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JOEL Joel's Blog

Asa Christiana - When I Grow Up

06/08/2010 Part 3 of a Series

Asa Christiana  - When I Grow Up 4I sent the following questions to some of the movers and shakers in the woodworking industry:

1 - When you were a kid what did you want to be when you grew up? Do you remember what attracted you to your goals?
2 - How did your goals as a kid translate - if they did - into what you are doing professionally now?

I think the answers I got were really instructive and maybe helpful for those we know who are pursuing a dream. Let's let the people speak for themselves. Here is the note I got from Asa Christiana, the editor of Fine Woodworking Magazine. The previous entry in this series is by Peter Follansbee.

Asa Christiana - When I was a little kid, I loved the show "Flipper." So I wanted to be a marine biologist, like the person on the show, and work with dolphins. That was a childish notion. But when I grew up a bit, I always found myself building things: models, model rockets, clubhouses. We were a poor family. Neither my mom or dad had gone to college or owned a home, nor had their parents, so I didn't think college was an option for me. So I went to a "trade school" high school, choosing the machinist track like my grandfather had. By the way, we also had no TV in the house, so I read voraciously, sometimes as many as 6 books a week.

Two things happened to get me to college and set my on my current path: I learned about financial aid, which is what put me through college with no help from my folks, and I learned after working in a couple of real machine shops that I wanted more from my career. So I took the SAT on a whim, got a surprisingly high score, and was accepted into UConn's engineering school. I was only there for two years before switching to English and journalism, and I went on to become an English teacher and journalist.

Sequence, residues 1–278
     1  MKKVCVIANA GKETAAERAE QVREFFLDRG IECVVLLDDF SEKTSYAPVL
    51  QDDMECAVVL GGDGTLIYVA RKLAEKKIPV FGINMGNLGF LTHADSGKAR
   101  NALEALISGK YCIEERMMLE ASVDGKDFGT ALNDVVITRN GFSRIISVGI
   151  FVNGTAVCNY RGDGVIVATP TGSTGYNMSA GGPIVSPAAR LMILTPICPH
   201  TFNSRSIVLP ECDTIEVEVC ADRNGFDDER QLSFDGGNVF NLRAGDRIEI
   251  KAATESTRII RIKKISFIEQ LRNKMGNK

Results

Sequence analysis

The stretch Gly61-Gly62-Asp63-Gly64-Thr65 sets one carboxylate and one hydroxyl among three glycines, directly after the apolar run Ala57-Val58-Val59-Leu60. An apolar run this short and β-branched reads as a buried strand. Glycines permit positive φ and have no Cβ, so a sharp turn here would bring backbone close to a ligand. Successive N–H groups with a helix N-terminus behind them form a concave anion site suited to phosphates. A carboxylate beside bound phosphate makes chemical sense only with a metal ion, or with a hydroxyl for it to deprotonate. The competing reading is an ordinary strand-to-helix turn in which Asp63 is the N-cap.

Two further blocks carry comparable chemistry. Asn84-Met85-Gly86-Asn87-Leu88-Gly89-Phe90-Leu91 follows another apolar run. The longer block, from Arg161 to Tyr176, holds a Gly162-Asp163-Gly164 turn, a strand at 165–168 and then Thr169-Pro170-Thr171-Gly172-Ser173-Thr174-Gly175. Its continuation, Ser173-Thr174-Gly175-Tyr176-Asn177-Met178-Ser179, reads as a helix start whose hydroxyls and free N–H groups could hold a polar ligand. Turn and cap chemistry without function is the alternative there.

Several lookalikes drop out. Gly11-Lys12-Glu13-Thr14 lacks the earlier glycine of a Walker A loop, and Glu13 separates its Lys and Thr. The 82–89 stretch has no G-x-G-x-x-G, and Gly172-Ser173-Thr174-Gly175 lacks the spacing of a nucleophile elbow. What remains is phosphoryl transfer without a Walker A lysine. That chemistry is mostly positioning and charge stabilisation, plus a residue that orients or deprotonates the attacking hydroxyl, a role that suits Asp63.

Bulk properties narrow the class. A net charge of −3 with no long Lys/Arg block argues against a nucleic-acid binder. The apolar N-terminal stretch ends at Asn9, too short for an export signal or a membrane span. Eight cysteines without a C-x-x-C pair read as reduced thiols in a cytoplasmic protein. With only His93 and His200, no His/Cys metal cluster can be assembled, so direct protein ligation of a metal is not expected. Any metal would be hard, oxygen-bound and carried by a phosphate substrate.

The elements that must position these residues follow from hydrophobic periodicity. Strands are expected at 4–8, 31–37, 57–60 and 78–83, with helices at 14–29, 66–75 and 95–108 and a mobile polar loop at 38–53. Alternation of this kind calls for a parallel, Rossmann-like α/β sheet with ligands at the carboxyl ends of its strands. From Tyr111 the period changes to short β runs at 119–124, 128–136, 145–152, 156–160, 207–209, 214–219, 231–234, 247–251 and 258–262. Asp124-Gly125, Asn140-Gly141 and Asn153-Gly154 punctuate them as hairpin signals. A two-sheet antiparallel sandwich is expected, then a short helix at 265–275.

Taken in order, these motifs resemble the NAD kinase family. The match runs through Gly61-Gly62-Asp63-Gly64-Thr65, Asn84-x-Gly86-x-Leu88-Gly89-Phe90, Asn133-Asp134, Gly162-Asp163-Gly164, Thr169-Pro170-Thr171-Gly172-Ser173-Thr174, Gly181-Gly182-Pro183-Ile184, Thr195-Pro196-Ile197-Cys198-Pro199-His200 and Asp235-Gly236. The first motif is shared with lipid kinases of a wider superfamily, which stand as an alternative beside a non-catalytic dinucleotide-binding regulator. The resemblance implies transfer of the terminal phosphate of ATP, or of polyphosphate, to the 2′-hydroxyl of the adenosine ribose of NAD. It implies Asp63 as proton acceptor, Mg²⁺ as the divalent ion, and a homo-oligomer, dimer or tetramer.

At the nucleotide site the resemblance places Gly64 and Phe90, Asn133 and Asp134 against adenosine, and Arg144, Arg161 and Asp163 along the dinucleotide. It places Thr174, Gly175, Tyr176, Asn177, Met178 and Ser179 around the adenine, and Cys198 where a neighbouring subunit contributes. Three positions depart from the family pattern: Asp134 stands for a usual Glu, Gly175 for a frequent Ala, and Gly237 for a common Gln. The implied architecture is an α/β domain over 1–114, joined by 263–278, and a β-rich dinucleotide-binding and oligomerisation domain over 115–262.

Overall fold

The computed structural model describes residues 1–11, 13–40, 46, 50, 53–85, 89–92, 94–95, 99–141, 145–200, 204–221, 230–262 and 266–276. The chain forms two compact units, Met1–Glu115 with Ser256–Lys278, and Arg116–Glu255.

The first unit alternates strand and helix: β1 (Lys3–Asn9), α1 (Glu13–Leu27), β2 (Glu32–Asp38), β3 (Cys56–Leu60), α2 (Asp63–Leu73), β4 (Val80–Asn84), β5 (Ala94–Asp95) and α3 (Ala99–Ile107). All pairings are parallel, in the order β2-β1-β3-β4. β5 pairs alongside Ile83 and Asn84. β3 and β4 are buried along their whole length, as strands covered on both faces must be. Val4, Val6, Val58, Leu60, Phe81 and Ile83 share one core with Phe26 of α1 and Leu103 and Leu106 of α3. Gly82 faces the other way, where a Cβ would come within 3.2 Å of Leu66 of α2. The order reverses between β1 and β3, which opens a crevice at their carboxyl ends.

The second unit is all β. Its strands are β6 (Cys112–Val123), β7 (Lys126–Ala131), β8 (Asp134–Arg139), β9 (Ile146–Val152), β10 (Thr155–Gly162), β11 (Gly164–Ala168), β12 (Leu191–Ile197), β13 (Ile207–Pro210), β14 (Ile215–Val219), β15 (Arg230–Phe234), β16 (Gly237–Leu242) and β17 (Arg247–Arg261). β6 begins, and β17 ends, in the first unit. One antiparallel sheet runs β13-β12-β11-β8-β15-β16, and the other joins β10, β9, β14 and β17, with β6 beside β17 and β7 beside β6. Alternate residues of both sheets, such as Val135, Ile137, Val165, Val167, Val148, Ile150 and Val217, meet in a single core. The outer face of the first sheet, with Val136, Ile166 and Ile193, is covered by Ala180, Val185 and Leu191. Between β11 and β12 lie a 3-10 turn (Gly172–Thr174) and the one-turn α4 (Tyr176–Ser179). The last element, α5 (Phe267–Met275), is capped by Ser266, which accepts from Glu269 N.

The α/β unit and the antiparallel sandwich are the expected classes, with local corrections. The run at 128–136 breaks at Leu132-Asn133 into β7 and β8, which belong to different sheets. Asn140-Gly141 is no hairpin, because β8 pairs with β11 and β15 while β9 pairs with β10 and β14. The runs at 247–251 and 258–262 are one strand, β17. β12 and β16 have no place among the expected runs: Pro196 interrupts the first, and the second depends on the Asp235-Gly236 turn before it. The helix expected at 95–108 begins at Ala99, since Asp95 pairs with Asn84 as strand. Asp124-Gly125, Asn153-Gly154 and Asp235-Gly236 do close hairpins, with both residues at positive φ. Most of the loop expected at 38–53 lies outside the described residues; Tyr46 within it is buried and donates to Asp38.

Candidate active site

But that unique left-brain, right-brain background set me up perfectly for a serious woodworking hobby and eventually my career here at Fine Woodworking, where I need all of my language and visual skills, plus a sharp technical mind and a deep understanding of what happens inside machines and at a tool's cutting edge.

Convoluted path, but in retrospect, it all led to the most fulfilling job of my life. Lucky guy.
Join the conversation
06/09/2010 Brian Meeks
I liked your story. I have wanted to be many things, and even though I am 43, I continue to dream. I love woodworking, which I have just discovered late last year. So now my dreams revolve around this wonderful hobby.

If I look back, I too have had a convoluted path traveled too. I have seen a lot of interesting scenery along the way.

Thanks for sharing your story Asa
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